But the disaster has been particularly unsettling for this mega city of 20 million, regarded as the birthplace of China's economic miracle and a place many see as a model for the country's future.
The city of towering skyscrapers made its name churning out cheap clothes, toys and electronics, but it is now home to some of China's most high-profile companies -- many taking on and beating Western rivals.
On Sunday, the same day the man-made trash mountain swallowed up 33 industrial buildings, drone maker DJI opened its 800 square meter flagship store in the city's swanky OCT Harbor mall. Chances are if you're the proud owner of a small, recreational unmanned aircraft, it was made here.
The company underplays its Chinese origins, but being based in Shenzhen has been the cornerstone of its success. The city bills itself as China's "Silicon Valley" and is home to a $220 billion tech industry.
The leader of neighboring Hong Kong, C.Y Leung, said earlier this year that it would be great if the Asian financial center "had achieved half of what Shenzhen had."
Rags to riches
It's a rags to riches transformation that China's leaders hope will play out across the nation.
"The people who are here came here chasing a dream," Liam Casey, founder of PCH, which helps launch tech start-ups, told CNN earlier this year. "If it can be imagined it can be made (here)."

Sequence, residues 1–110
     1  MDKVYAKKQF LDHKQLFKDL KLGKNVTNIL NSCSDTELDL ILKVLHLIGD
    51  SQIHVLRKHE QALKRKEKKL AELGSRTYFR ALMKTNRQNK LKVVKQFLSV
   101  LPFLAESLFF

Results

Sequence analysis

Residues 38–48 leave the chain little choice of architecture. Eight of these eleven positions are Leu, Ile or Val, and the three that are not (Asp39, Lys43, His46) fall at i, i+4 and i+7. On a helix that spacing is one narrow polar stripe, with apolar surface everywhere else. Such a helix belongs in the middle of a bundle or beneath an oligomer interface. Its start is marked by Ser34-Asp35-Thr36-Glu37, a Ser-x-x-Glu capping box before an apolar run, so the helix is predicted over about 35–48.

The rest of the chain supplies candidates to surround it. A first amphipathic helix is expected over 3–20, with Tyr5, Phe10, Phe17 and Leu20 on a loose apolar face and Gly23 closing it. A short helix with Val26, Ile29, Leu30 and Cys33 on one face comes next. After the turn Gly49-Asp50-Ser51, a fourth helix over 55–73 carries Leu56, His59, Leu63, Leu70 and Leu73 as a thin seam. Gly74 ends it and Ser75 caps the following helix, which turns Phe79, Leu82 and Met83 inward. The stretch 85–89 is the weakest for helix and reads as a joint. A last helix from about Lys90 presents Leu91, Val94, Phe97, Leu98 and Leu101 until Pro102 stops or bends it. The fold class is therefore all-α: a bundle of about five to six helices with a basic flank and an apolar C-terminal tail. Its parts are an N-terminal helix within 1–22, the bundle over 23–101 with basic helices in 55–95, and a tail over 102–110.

But just as Shenzhen, one of the country's greenest cities, has reaped the rewards of China's breakneck growth, it has also grappled with its negative effects.
A string of suicides at a plant owned by Foxconn, which makes everything from Apple's iPad to Dell computers, shone a light on assembly line conditions.
The region has seen almost 400 strikes this year, according to the China Labour Bulletin.
It's also home to a major counterfeit business. Apple Watch knock offs were available to buy in the city's Huaqiangbei electronics market more than a month before the launch date.
And while Shenzhen has thrived, neighboring factory towns like Dongguan have struggled to reinvent themselves, as low-cost manufacturing has headed to countries like Bangladesh or inland in pursuit of cheaper labor.
It's not yet clear what caused the Shenzhen landslide but locals had long complained of the noise and dust and the license of the company operating the dump expired on February 21, 2015, according to local media.
Hundreds of trucks carrying construction debris used the waste dump each day and were charged 250 yuan ($38) a time.
A fishing village just 30 years ago, the city was designated China's very first Special Economic Zone after the death of Chairman Mao Zedong, and many of China's most successful reforms were tested there.
It was also where China's paramount leader, Deng Xiaoping, in 1992 proclaimed that "to get rich is glorious" -- unleashing an unprecedented economic boom that is only just beginning to slow.
The landslide, which comes four months after the massive blasts that destroyed a huge area of the northern city of Tianjin
in August, is the latest reminder of the risks that seem to be inherent in China's growth model -- even the country's arguably most advanced city isn't immune.